Imperial CEO Apologizes for Remarks to Employee After Ruling

Updated on
  • Mark Lamberti says he didn’t intend to insult Adila Chowan
  • Court didn’t find evidence of racial, gender discrimination

Mark Lamberti

Photographer: Waldo Swiegers/Bloomberg

Imperial Holdings Ltd. Chief Executive Officer Mark Lamberti apologized for comments made to former employee Adila Chowan after a court found him guilty of impairing her dignity when he referred to her as “female employment-equity” in front of fellow managers.

While the High Court in Pretoria ruled that there was no evidence of racial or gender discrimination by Lamberti or the South African industrial company, the CEO said he “apologizes unreservedly” for the remarks to Chowan, an Asian woman. He hadn’t intended to “insult or demean her in any way,” Lamberti said in a statement Tuesday.

The ruling marks the second race-related South African court decision in as many weeks after Vicki Momberg, a former real estate agent, was sentenced to two years in prison for a racist tirade. She is appealing the ruling. Racial tension remains a issue in South Africa more than two decades after the end of a system of institutionalized racial discrimination known as apartheid that kept economic and political power in the hands of the white minority.

Racial Discrimination

Chowan brought the case against Lamberti last year after she left Imperial in 2015. The CEO’s remarks came in a meeting about her potential career path, in which he also said she was “technically competent” and would need as many as four more years to develop her leadership skills. She was “extremely upset” by the comments, and considered the reference to employment equity to be racial and gender discrimination. The court ordered Imperial and Lamberti to pay Chowan’s costs, with damages yet to be set.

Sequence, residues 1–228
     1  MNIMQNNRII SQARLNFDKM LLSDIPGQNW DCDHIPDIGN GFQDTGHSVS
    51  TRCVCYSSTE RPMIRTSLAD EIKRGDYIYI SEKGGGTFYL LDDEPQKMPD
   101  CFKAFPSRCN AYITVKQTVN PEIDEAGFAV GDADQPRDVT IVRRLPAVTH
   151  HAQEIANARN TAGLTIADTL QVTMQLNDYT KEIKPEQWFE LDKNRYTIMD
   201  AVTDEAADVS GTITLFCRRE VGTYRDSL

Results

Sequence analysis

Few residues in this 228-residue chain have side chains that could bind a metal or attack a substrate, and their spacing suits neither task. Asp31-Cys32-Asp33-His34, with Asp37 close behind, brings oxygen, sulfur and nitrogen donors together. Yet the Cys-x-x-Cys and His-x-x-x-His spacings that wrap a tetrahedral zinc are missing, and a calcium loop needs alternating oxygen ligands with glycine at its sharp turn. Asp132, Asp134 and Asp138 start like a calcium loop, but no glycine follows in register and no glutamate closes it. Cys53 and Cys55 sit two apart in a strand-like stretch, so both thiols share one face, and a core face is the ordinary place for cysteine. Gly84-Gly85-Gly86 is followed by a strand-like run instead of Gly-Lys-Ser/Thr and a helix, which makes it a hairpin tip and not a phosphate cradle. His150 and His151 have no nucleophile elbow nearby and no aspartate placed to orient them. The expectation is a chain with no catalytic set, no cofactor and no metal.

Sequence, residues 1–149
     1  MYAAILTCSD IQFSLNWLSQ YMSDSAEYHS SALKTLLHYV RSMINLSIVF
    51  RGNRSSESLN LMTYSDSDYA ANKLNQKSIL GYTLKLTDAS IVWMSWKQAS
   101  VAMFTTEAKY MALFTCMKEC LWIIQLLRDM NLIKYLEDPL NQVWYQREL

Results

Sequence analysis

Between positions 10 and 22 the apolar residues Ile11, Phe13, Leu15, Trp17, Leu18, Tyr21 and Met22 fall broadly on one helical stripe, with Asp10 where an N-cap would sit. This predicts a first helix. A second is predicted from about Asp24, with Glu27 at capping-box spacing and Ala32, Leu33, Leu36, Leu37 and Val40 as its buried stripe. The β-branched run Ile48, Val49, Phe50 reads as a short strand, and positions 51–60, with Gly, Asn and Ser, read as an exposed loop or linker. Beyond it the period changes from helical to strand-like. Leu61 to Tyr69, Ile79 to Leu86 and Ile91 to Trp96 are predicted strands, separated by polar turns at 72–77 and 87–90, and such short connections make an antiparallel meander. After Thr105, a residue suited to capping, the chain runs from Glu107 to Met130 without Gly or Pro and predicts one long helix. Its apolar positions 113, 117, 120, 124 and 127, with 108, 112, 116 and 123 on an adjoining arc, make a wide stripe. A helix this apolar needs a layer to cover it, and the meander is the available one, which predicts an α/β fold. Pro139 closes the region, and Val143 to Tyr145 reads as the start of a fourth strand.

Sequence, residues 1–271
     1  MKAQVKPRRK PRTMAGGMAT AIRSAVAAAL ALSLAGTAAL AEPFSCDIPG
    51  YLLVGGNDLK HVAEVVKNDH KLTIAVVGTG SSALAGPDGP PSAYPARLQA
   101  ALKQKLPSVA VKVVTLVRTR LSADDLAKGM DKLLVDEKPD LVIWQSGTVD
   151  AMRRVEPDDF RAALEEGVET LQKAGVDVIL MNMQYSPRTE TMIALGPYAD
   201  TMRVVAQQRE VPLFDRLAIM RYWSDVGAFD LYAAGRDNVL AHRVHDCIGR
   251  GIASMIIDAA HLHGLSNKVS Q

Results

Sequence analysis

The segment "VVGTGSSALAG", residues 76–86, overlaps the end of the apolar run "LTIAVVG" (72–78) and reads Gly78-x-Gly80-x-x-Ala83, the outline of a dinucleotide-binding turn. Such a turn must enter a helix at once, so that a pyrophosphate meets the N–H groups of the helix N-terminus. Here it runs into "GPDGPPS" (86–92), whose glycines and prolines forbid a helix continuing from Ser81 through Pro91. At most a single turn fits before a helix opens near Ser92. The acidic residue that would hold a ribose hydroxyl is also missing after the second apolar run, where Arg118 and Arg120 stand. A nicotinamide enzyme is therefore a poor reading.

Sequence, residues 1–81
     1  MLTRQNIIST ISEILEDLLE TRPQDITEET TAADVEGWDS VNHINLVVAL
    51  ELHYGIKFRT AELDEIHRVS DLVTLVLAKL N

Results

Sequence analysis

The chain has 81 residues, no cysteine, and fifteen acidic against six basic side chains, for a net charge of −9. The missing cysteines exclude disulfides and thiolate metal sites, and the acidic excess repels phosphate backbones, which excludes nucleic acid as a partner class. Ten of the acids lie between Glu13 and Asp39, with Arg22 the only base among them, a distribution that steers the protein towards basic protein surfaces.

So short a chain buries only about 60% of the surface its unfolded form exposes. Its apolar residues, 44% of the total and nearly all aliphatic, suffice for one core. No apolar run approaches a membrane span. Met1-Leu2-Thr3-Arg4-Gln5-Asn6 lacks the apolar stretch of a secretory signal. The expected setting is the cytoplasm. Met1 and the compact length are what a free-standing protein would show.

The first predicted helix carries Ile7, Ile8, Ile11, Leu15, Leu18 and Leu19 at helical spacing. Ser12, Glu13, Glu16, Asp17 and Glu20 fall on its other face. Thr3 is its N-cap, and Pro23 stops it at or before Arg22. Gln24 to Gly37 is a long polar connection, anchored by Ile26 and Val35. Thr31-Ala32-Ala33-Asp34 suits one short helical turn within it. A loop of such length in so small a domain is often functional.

A veteran of the South African business community, Lamberti was this year appointed to the board of state utility Eskom Holdings SOC Ltd. as part of new South African President Cyril Ramaphosa’s pledge to reform state-owned companies after years of corruption allegations under his predecessor, Jacob Zuma. His position is now in doubt, as Minister of Public Enterprises Pravin Gordhan is taking legal advice to decide the next course of action, according to Makgola Makololo, acting director-general of the department.

At Imperial, Lamberti is preparing for a potential split of the company into separate automotive and logistics businesses later this year. He previously founded and led retailer Massmart Holdings Ltd. before the sale of a majority stake to Wal-Mart Inc. in 2011.

Imperial shares fell 3.9 percent to 221.85 rand as of 12:08 p.m. in Johannesburg, the lowest since Dec. 13.

(Updates with details of ruling in fourth paragraph.)
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